Home ODISHA LATEST Bhubaneswar does it again; records less than 40% turn-out

Bhubaneswar does it again; records less than 40% turn-out


Reported by Chinmaya Dehury

Bhubaneswar, April 17:

Odisha’s capital city has done it yet again.

Bhubaneswar, with perhaps the most literate and politically aware population in the state, has earned the dubious distinction as the place where the voting percentage was the lowest today.

Considering the fact that the overall average polling in the second phase of elections today was 70%, the capital city‘s less than 40% shows the gross apathy of this supposedly elite crowd towards the democratic process. The city dragged down the polling percentage in the Khurda district to which it belongs to just 45%.Voters registering their names before casting their votes at a polling booth of Puri Zilla School, Puri in Orissa during the 2nd Phase of General Election-2009 on April 23, 2009.

Chief Electoral Officer (CEO) Mona Sharma rued the fact that despite the massive campaigns and awareness programmes undertaken by the commission and Bhubaneswar Municipal Corporation (BMC), the city chose to stay away from the polling booths today.

Interestingly, the rural areas of Khurda district reported above 60% polling. Even Assembly segments like Khurda, Jayadev and Jatni, which are located at the outskirts of Bhubaneswar, recorded more than 60% polling.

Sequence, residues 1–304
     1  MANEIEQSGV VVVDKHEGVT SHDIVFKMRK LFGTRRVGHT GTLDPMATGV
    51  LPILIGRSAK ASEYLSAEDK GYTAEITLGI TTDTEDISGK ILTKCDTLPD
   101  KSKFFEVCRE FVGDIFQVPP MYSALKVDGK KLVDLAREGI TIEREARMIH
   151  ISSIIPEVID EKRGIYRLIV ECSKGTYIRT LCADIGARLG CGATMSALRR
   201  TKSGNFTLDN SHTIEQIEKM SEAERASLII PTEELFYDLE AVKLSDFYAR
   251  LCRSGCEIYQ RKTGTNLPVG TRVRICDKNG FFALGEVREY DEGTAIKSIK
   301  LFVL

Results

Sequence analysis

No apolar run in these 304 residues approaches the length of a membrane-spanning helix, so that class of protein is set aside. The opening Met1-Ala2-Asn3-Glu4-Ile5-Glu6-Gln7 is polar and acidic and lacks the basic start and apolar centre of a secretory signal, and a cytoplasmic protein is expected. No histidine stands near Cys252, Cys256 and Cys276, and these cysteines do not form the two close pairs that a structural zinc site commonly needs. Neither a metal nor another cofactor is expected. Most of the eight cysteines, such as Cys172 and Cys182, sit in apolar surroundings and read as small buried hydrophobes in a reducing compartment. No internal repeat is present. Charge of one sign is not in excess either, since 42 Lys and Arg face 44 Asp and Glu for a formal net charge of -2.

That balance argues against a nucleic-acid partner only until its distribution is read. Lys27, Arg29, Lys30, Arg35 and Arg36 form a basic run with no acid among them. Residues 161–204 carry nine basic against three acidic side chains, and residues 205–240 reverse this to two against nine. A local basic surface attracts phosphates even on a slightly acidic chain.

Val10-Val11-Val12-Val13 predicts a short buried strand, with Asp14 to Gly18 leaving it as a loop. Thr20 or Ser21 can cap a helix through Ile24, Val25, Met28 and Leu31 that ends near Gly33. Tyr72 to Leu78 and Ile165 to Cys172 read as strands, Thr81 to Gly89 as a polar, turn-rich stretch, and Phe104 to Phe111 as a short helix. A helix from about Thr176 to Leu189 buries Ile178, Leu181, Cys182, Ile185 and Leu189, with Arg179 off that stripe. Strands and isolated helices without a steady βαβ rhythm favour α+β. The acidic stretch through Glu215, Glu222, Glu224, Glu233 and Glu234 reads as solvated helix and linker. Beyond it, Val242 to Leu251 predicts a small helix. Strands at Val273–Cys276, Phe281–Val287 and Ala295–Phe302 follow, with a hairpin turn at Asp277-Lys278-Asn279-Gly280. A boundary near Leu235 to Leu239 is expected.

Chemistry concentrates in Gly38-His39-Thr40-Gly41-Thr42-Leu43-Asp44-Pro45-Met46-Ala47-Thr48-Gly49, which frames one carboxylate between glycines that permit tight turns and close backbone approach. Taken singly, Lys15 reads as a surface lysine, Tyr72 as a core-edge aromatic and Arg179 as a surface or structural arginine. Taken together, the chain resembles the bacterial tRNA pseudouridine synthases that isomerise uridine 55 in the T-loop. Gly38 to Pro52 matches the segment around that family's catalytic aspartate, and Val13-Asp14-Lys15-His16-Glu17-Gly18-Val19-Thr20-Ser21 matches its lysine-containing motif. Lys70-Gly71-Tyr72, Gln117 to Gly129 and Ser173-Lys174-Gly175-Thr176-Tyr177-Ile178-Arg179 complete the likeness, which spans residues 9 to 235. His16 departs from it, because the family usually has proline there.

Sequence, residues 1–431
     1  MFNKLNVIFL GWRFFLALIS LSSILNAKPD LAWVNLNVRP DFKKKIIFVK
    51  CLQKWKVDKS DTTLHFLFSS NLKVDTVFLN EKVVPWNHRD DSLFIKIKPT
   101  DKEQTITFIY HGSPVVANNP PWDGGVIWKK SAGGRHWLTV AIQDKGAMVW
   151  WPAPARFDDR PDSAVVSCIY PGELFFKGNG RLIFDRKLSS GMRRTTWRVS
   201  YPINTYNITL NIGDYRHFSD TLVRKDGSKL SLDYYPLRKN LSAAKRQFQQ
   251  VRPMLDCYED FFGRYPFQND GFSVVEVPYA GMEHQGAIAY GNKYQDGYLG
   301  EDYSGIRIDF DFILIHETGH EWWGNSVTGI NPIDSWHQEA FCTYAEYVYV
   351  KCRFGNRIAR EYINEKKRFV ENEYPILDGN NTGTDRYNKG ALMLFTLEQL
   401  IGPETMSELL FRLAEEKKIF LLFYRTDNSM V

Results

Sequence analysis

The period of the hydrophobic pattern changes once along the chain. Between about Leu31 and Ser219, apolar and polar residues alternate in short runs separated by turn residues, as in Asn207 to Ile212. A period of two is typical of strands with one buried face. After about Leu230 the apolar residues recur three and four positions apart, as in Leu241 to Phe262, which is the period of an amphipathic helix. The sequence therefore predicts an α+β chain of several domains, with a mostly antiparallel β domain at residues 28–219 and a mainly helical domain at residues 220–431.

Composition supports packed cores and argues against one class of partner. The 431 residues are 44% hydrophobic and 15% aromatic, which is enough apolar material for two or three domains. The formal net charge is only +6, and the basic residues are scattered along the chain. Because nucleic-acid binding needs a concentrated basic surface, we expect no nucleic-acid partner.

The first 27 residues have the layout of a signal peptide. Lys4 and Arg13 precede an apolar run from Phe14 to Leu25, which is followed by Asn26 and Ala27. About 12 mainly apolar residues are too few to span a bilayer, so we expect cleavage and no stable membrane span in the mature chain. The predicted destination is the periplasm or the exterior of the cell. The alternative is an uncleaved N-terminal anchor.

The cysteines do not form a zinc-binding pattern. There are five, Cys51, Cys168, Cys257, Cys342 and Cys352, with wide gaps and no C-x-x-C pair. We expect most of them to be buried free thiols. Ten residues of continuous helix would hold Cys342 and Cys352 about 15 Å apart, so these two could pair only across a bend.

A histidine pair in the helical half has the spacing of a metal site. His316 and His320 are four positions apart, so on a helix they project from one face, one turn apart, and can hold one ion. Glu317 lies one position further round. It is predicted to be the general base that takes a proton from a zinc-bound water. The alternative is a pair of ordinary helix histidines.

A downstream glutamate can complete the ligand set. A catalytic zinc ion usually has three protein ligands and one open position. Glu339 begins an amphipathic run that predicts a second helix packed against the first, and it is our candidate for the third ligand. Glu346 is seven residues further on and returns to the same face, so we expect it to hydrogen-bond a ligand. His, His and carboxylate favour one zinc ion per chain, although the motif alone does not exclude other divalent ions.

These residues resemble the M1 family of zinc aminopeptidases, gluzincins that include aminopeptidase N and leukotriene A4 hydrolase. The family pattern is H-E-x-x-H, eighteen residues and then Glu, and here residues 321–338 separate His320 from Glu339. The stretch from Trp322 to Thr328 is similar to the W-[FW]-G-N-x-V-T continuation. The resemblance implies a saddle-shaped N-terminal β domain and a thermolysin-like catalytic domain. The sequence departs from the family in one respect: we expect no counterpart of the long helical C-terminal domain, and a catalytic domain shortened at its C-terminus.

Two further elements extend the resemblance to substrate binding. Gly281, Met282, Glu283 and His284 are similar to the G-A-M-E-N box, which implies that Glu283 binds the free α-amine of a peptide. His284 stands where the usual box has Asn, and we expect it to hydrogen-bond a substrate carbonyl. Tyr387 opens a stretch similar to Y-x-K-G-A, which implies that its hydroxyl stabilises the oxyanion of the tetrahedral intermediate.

The city had recorded a turnout of only around 42 per cent in the BMC elections earlier this year. The polling percentage this time, however, has witnessed a marginal improvement over the 2009 polls when only 38.29 per cent of the capital’s citizens had cast their votes.

The voter turnout In Bhubaneswar (Central) was just 33.74% in 2009, while the figures for Bhubaneswar (North) and Ekamra Bhubaneswar were only marginally better at at 35.07% and 37.19%.

Most of people, who did cast their votes were predictably from the slums that dot the city. It may be noted that the 436 slums in Bhubaneswar account for close to 30 per cent of the total voters.

However, some people attributed the low turn-out this time to the decision of the commission to stop distribution of voter slips (chirkuti) by political parties on the grounds that it could influence the voters. Long used to getting the ‘chirkuti’ containing their booth and serial number in the voters’ list, the people of the city were seen moving from pillar to post to check their names in the voting list.

The Commission had engaged several government workers including Anganawadi workers and Asha workers for the distribution of the slips, but very few of them actually turned up at the doors of the voters leading to confusion all around.

Besides, the website of Chief Electoral Office (CEO) did not work for the day following the huge number of traffic that it received to check the booth numbers of the voters.

“It took me about one and half hour to get my name in the voter list at a booth located in a school near my house. Many people have did not get their slips forcing them to move around the booth,” said Bijay Das.

The city also wore a deserted look today as most of the shops remained closed and the vehicles remained off the roads.

While the vote day was off day, tomorrow is Good Friday and the day after tomorrow is a Sunday. So, the people may have preferred to enjoy the holidays instead of casting their votes.